Bring Back Curiosity

Recently I’ve noticed something about myself (and if I’m being candid, in others too): decisions and judgements, particularly about the unexpected, tend to be quick and absolute.  As someone who advocates careful, conscious consideration of things, this discovery was disturbing. 

For instance, if I were to come across an elephant driving a Tesla my reaction would probably be “Ok sure” or “It’s a trick.”  Nothing in between.  No time taken to think about the how or why of seeing an elephant driving (these days it could be Katy Perry out for a ride, you don’t know).  It’s just acceptance or dismissal and move on.

I get it. The many things that make up the day take away from the time that used to be reserved for exploration and asking “why”.  I suppose we don’t really need to embrace the novelty of marveling at things anymore, if we want to know something, we whip out the phone and look it up.  Problem solved.  Except, as a result, I fear I’m losing my sense of curiosity and the benefits that it brings. 

There are mixed messages on the value of curiosity. Most say it’s a useful trait in business, yet many organizations stifle it (often inadvertently to move things along). My own belief is we can utilize it in a positive and healthy way. Here’s my own little real-life example of how to encourage your inquiring mind:

Way past the end of a full day, my dogs were poking at me to get up from the desk.  Their goal was dinner and to get outside for a bio break.  I was grumpy and tired after all the computer time and in no mood for their antics.  I opened up the door to the let them out and I noticed something out of the corner of my eye.  I knew whatever it was had not been there earlier in the afternoon, but I assumed it was some crumpled-up leaves that had fallen and rustled to that spot.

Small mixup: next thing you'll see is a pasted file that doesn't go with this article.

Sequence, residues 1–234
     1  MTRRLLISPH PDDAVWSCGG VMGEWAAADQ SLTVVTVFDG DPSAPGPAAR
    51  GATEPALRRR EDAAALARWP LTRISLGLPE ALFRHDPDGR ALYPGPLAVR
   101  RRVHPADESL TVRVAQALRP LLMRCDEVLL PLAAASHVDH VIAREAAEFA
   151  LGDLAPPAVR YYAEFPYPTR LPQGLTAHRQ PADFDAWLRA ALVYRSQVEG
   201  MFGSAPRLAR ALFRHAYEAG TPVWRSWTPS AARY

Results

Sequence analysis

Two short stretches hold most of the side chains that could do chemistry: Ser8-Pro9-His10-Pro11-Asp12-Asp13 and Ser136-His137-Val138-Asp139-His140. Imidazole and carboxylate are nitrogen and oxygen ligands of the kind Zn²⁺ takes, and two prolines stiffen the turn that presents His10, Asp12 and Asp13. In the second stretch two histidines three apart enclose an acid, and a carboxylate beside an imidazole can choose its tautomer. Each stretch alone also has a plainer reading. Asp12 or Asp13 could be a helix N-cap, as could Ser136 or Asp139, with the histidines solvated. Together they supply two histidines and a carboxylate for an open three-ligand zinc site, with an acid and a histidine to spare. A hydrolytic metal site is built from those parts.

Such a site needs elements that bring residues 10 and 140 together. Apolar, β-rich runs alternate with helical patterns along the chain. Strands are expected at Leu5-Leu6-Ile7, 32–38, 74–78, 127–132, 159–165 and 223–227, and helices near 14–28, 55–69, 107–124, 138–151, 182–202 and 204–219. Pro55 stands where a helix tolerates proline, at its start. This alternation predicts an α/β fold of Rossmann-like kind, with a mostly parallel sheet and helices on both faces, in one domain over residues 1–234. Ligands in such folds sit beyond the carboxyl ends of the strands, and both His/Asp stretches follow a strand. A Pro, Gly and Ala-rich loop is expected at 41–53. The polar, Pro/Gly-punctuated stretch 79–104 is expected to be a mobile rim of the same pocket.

On the way back I spied it again, same spot, but for some reason I slowed down to look at it.  And then I stopped.  It wasn’t foliage at all, it was a frog.  A big frog.  Just sitting there on the edge of the deck.  That struck me as odd because the deck isn’t a particularly attractive destination for frogs.  It’s not a spot rich with frog food, it’s not a preferred grassy or soggy environment and it’s a predator rich zone (remember those hounds I mentioned earlier). 

Then it struck me as really peculiar because my deck is on the second story.  It’s a full flight up to get to the level he was sitting at. 


This drew me in even further. As I was crouched there, I realized I could easily get to the bottom of the mystery.  My phone was in reach – I mean I had just taken it’s picture (see it above).  Still, rather than dive in for the answer I basically sat with him for a moment and gave myself a chance to wonder: how did he get there?

Maybe frogs can jump that high…

Maybe he hopped up one step at a time and then just kept hopping way over to the middle…

Maybe he was dropped there by a predator and was taking cover under the bottom railing…

Maybe he’s been living up here on the deck forever and I just haven’t ever seen him before…

After a few minutes I was no closer to an answer and the dogs were still hungry, so I decided to let him be. Leaving him where I found him but also realizing that I was in a better mood. I was smiling as I stepped inside.  My Kermit time had left me without any real answers but feeling much more relaxed.

Getting outside and being in nature is one of the ways I often recommend to clients to combat stress.  One reason it’s so effective is it allows your brain to release the issues and tasks it was working on and just roam freely. We call it daydreaming or being in a state of wonder. This shift actually gives your brain the chance to recharge. By the way, in that state (called default mode network), it also gets to work on processes that allow us to know ourselves better. Win – win!

Yes, I did eventually look up how far a frog can jump (in some cases 7 feet) and it’s now part of my repertoire of weird facts for cocktail parties.  More importantly, by not automatically accepting a frog was up on the second story I gave myself a little respite.  Putting my inquisitiveness to work, I had a chance to shake off the day and feel better. Next time something strikes you as odd, instead of letting it slide by, allow your curiosity to create an opportunity for well-being.

#Wonder #Nature #MeetMaple #LowerYourStress

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Christine is a consultant, coach and collaborator. Her vision is a tool to nudge people towards the insights that are just out of reach; connecting their deeper thoughts and truest selves to make big leaps forward.

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